I am not in favor of unilaterally leaving the Anglican Communion. I think such a move would only hand our enemies an easy and undeserved victory. We would abandon friends and those such as women and LGBTs in Africa and Asia who really need us. I do not favor financial boycotts. Perhaps we should not be expected to bankroll lavish primatial get-togethers intended to scorn us, but those are only small portions of our contributions to the Communion. We were founders of the Communion. We have always had an interest in the success of the Communion. I see no reason to abandon it now, even if so much of the Communion leadership is in thrall to right-wing (and American) power and money.
At the same time, I see no reason to alter our character and constitution as a church to preserve the Communion. I see no reason to allow those who would replace the Creeds with a stand on homosexuality as the litmus test of Anglicanism and Christianity to dominate the international forum. I'm not willing to sacrifice any part of the membership of this church to preserve our place in the Communion. We should only leave if we are kicked out. If there really is a move to remove us from the Communion, then that is something beyond our control.
I support our Presiding Bishop in her response to Canterbury. I think her stance is the right one. The Communion matters to us as Episcopalians. We value our international ties. We support the work of the Communion. However, we are an independent church, and we intend to remain so. Our positions on matters of sexuality and gender equality are not some momentary whim. They are the end result of almost 50 years worth of argument and discernment. While not all Episcopalians are agreed on these issues, there is an emerging consensus in our church. Our church remains intact. The expected tidal wave of defections over women's ordination and Gene Robinson's consecration never happened. We are being singled out unjustly, and we will not meekly acquiesce.
I doubt that we ever will be forcibly ejected from the Communion. Beyond the Central African churches, I don't think there is much stomach for it. I don't think it is entirely a matter of money. There are too many small informal local ties between our church and other churches around the world. No one wants to see those broken. Expelling us from the Communion would be extremely divisive. I could see other churches splitting apart over the decision. It would also set a very bad precedent and call into question the whole ecumenical mission of the original Communion declarations.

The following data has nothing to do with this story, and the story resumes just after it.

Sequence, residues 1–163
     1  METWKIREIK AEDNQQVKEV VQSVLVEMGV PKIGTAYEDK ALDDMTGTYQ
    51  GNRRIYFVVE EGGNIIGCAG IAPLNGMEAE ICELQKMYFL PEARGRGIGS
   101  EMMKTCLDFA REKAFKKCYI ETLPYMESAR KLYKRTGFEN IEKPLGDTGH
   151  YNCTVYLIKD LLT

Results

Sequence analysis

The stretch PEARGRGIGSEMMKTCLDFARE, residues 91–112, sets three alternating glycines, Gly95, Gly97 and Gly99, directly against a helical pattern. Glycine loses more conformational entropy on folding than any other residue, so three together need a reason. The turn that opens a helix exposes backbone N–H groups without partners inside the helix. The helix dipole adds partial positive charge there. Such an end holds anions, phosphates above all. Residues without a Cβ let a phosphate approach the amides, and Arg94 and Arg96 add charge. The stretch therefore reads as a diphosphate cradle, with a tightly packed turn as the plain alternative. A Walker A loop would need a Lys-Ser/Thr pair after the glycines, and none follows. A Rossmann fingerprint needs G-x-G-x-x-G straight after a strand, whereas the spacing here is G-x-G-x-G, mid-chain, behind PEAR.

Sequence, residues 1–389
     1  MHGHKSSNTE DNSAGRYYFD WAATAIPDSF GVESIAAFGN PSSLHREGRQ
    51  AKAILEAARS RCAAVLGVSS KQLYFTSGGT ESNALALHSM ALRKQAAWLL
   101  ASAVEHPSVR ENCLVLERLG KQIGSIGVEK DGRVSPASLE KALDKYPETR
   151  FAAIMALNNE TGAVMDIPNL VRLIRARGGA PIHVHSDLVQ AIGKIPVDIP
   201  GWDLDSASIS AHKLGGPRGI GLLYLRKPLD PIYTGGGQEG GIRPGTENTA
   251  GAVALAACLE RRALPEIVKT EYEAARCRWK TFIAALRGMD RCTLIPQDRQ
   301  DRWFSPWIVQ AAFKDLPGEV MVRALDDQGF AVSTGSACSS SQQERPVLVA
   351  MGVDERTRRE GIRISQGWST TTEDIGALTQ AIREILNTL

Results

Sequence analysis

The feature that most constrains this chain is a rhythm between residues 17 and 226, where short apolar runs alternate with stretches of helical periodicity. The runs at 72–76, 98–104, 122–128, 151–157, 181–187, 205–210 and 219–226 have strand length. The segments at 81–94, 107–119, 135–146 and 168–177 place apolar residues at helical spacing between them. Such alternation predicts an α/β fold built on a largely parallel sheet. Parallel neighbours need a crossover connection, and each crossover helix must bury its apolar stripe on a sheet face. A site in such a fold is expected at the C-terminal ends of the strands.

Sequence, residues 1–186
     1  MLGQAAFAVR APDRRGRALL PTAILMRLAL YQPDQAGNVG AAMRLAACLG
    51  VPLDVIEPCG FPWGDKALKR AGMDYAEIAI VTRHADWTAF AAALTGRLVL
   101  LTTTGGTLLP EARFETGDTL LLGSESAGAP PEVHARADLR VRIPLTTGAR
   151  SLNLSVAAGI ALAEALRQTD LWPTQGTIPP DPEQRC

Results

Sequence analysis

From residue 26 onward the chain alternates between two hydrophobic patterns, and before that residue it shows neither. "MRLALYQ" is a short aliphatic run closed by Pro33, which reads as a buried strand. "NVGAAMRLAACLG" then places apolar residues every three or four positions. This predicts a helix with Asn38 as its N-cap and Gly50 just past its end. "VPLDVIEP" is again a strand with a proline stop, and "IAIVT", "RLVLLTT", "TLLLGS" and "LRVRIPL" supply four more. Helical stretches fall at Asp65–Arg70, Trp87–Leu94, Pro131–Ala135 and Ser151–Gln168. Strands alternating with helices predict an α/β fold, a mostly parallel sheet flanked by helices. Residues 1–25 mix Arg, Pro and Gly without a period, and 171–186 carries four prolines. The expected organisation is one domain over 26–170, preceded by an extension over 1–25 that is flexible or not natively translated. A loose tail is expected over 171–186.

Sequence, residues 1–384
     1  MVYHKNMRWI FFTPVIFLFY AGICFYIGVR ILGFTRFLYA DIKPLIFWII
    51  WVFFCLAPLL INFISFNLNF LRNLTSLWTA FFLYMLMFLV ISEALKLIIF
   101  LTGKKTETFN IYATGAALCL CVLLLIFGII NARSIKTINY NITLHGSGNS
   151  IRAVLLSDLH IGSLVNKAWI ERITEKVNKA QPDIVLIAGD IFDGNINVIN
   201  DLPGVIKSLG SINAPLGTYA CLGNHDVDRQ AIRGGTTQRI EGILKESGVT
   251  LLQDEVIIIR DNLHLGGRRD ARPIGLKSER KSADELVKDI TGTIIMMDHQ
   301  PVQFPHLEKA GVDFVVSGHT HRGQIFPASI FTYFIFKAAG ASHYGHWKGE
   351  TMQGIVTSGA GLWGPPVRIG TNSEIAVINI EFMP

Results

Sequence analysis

Christianity is dying in Western Europe, even in Spain and Ireland. It is not exactly in robust health in the United States either with church membership and attendance declining across the board, especially among the young. The moral authority that Christianity once enjoyed among non-Christians eroded away long ago by scandal, hypocrisy, and identification with right wing reactionary politics (just ask the Spanish Catholics). Though Africa now has the embattled convert's fervor, it is not unreasonable to think that the same process of decline could happen there too.
There are times when I think the Christian religion should die in order that the Christian faith might continue. But, a lot of babies would be lost with that bath water, perhaps too many to make the sacrifice worthwhile.
Churches are worldly and political institutions. Like all worldly and political institutions, churches are compelled by the grim logic of success versus failure and must play to win. The Church may well be the mystical Body of Christ on Earth, but as Saint Theresa of Avila reminds us, we with all our flaws act as Christ's eyes and limbs in this world. As another priest I know once reminded her congregation, the Body of Christ on Earth is not exactly buff and athletic. It is our mortal and vulnerable bodies together. Sadly, our individual flaws become compounded when we come together. Christ's work in this world gets done though us as the Church, but more often than not, it gets done despite us.